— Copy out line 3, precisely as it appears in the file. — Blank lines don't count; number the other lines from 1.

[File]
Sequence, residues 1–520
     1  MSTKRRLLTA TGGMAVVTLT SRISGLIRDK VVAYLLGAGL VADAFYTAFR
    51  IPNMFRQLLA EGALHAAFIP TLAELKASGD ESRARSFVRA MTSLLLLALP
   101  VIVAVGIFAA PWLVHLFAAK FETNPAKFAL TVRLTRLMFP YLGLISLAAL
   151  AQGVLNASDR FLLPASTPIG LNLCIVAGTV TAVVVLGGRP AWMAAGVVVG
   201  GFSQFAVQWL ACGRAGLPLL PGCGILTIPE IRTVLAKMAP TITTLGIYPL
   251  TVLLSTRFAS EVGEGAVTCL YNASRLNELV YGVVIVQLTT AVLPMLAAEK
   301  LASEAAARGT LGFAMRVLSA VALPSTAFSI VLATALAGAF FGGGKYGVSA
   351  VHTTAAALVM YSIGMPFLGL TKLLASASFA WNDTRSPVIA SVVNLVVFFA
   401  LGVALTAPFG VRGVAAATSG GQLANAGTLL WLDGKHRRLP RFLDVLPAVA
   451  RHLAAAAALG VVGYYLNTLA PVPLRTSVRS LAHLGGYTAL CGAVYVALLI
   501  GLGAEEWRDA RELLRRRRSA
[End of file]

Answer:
    51  IPNMFRQLLA EGALHAAFIP TLAELKASGD ESRARSFVRA MTSLLLLALP